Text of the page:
Please use this identifier to cite or link to this item: http://ahro.austin.org.au/austinjspui/handle/1/11623
Title: Association of postoperative pulmonary complications with delayed mobilisation following major abdominal surgery: an observational cohort study.
Authors: Haines, Kimberley J;Skinner, E H;Berney, Susan C
Institutional Author: Austin Health POST Study Investigators
Affiliation: Department of Physiotherapy, Austin Hospital, Heidelberg, Victoria, Australia. Kimberley.haines@austin.org.au
Issue Date: 23-Sep-2012
Citation: Physiotherapy 2012; 99(2): 119-25
Abstract: Previous Australian studies reported that postoperative pulmonary complications affect 13% of patients undergoing upper abdominal laparotomy. This study measured the incidence of postoperative pulmonary complications, risk factors for the diagnosis of postoperative pulmonary complications and barriers to physiotherapy mobilisation in a cohort of patients undergoing high-risk abdominal surgery.Prospective, observational cohort study.Two surgical wards in a tertiary Australian hospital.Seventy-two patients undergoing high-risk abdominal surgery (participants in a larger trial evaluating a novel model of medical co-management).Incidence of, and risk factors for, postoperative pulmonary complications, barriers to mobilisation and length of stay.The incidence of postoperative pulmonary complications was 39%. Incision type and time to mobilise away from the bed were independently associated with a diagnosis of postoperative pulmonary complications. Patients were 3.0 (95% confidence interval 1.2 to 8.0) times more likely to develop a postoperative pulmonary complication for each postoperative day they did not mobilise away from the bed. Fifty-two percent of patients had a barrier to mobilisation away from the bed on the first postoperative day, with the most common barrier being hypotension, although cessation criteria were not defined objectively by physiotherapists. Development of a postoperative pulmonary complication increased median hospital length of stay (16 vs 13 days; P=0.046).This study demonstrated an association between delayed postoperative mobilisation and postoperative pulmonary complications. Randomised controlled trials are required to test the role of early mobilisation in preventing postoperative pulmonary complications in patients undergoing high-risk upper abdominal surgery.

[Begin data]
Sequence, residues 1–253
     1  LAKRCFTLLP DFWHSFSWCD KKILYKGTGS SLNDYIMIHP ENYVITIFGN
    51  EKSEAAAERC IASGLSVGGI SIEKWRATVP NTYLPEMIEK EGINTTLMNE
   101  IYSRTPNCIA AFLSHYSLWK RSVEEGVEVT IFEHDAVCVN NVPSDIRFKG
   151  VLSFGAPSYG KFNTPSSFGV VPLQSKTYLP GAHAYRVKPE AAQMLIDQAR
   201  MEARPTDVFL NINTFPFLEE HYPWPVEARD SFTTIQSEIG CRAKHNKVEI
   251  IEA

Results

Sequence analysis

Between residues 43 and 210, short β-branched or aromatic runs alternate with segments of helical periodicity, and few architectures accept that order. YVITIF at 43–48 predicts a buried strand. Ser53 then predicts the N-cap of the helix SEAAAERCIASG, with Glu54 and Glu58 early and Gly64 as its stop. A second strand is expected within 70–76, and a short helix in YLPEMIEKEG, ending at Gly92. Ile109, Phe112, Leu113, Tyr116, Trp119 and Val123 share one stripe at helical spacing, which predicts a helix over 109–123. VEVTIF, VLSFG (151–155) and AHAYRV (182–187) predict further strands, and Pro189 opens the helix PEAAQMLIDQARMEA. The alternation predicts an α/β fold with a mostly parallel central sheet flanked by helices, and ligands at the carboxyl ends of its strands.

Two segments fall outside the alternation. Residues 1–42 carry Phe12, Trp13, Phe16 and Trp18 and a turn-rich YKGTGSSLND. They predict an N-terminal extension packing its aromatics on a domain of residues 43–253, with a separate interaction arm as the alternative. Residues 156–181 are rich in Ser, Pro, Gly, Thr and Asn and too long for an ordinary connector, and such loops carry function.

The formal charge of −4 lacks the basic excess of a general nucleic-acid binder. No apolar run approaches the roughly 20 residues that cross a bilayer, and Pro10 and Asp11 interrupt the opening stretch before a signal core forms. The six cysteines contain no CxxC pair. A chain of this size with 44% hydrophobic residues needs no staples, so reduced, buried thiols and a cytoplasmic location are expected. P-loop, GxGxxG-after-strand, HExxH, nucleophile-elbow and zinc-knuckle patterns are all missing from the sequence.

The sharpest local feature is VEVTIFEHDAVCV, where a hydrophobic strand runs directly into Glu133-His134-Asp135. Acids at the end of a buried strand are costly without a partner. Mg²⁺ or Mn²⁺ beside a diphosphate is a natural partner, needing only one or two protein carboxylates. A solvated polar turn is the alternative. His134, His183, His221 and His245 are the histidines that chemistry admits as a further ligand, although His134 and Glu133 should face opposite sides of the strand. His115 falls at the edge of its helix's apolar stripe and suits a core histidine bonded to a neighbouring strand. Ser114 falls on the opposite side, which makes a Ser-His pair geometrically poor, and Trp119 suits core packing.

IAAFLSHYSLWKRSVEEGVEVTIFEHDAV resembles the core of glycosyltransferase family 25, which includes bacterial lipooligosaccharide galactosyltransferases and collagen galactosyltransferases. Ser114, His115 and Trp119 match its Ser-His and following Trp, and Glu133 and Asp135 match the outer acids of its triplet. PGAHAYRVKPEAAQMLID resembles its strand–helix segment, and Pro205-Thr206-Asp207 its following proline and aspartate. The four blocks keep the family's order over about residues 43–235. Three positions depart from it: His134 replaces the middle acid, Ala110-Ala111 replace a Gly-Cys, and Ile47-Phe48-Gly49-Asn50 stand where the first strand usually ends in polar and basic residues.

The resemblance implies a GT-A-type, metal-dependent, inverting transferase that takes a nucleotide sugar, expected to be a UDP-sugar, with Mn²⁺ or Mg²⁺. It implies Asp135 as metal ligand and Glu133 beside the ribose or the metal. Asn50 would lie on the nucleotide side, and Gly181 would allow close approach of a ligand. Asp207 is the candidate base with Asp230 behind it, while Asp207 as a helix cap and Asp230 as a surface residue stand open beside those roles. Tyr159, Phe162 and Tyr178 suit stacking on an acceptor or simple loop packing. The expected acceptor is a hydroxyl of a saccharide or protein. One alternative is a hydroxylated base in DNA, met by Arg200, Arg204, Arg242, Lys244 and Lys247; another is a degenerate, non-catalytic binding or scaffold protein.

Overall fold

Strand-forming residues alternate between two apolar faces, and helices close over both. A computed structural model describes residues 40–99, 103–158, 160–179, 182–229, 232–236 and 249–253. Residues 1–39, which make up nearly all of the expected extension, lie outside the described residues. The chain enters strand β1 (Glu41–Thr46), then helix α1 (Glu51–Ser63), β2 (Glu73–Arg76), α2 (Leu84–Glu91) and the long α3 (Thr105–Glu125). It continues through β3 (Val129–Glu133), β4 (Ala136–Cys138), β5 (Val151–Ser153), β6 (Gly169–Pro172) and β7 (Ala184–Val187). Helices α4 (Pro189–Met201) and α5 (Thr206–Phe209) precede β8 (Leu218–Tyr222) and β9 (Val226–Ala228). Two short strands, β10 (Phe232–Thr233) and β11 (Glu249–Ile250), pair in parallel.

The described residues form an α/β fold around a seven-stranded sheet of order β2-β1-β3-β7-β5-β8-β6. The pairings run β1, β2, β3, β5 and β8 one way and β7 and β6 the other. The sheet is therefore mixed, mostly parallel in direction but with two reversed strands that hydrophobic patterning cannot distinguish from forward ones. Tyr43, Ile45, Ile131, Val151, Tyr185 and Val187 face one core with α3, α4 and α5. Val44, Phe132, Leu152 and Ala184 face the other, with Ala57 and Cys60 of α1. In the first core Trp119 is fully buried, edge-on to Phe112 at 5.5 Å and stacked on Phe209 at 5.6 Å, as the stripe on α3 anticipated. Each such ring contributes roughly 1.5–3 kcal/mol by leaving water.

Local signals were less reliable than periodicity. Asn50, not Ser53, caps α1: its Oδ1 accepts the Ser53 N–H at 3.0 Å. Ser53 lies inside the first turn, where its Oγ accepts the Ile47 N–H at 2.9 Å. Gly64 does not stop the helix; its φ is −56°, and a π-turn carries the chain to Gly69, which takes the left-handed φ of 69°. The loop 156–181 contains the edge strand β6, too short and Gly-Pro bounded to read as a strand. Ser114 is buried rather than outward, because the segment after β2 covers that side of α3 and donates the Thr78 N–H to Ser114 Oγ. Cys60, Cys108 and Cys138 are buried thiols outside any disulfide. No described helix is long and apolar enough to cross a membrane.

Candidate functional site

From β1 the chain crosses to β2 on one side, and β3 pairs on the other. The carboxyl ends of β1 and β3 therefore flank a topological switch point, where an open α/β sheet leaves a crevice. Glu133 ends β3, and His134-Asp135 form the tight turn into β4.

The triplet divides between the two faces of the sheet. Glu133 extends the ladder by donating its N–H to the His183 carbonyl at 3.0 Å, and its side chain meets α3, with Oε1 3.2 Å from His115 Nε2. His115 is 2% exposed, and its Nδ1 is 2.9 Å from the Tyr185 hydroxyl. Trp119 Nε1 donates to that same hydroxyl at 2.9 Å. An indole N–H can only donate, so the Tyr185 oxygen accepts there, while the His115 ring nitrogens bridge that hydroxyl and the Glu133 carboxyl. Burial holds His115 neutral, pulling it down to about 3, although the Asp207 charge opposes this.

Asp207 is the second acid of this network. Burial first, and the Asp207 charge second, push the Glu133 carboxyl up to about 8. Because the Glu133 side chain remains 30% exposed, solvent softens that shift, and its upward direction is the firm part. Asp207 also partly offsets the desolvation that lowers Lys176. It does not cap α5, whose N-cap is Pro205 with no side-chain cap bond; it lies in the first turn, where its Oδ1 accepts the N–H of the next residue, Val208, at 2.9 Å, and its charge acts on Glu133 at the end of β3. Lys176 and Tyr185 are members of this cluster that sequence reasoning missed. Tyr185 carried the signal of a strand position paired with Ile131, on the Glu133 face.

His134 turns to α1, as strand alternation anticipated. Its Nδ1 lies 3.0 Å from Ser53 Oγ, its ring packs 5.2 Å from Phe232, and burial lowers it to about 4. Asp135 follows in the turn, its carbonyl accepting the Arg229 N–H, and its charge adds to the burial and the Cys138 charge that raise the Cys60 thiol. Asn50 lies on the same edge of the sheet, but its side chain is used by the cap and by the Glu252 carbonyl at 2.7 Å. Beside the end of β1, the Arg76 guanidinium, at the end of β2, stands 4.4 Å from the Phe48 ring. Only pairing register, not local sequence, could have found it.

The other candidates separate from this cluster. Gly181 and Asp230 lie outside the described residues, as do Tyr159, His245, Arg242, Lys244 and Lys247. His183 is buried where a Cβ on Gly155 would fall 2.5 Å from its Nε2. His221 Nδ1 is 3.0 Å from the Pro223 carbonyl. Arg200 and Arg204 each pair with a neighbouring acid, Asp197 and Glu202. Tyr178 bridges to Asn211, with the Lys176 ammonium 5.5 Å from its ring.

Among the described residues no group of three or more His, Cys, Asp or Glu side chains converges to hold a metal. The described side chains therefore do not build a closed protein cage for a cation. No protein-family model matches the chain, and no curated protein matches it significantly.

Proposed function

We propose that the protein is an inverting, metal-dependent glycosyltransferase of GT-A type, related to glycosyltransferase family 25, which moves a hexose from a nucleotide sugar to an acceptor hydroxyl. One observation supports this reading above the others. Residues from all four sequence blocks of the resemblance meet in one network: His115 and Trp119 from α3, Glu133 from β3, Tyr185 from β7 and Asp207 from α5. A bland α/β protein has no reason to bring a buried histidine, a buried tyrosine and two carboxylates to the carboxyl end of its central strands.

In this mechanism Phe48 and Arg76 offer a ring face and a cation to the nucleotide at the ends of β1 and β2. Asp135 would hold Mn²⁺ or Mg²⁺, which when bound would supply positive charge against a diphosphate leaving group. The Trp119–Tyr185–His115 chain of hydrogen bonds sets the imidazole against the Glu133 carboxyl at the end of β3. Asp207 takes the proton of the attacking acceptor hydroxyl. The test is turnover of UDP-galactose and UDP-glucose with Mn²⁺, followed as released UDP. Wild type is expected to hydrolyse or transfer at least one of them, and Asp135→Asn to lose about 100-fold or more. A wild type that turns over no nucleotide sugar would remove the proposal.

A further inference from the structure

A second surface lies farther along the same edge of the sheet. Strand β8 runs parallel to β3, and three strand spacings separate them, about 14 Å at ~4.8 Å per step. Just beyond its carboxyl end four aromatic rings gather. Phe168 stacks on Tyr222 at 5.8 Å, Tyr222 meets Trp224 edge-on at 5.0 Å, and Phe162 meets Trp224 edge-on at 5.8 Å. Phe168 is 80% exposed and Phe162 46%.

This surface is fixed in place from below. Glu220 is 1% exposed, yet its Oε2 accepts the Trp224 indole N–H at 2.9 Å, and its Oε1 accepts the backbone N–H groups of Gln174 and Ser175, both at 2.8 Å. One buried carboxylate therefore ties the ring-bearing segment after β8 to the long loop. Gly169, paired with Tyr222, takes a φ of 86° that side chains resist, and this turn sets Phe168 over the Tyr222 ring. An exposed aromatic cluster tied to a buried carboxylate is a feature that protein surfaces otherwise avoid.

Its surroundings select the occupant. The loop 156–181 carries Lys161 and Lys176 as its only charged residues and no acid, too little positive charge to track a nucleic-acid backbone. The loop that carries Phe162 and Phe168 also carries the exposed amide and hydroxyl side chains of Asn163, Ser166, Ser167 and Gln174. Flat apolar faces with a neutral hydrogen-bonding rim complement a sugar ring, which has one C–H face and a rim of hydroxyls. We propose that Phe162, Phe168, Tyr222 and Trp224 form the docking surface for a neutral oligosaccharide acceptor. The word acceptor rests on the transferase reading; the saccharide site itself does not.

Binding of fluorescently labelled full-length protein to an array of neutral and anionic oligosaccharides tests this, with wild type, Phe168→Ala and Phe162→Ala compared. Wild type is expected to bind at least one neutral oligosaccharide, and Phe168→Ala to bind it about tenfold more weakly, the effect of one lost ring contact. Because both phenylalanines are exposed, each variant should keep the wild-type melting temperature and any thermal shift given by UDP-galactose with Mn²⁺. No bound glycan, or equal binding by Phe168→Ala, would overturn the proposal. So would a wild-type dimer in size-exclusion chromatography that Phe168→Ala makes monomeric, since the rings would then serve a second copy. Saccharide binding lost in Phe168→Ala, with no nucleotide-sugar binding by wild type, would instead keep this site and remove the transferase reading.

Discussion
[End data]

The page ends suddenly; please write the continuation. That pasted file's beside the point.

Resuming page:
Internal ID Number: 23219632
URI: http://ahro.austin.org.au/austinjspui/handle/1/11623
DOI: 10.1016/j.physio.2012.05.013
URL: http://www.ncbi.nlm.nih.gov/pubmed/23219632
Type: Journal Article
Subjects: Abdomen.surgery
Aged
Cohort Studies
Early Ambulation.statistics & numerical data
Female
Humans
Incidence
Laparotomy.adverse effects
Length of Stay.statistics & numerical data
Logistic Models
Lung Diseases.epidemiology.prevention & control
Male
Middle Aged
Physical Therapy Modalities.statistics & numerical data
Postoperative Complications.epidemiology.prevention & control
Predictive Value of Tests
Respiratory Therapy.statistics & numerical data
Risk Factors
Appears in Collections:Journal articles

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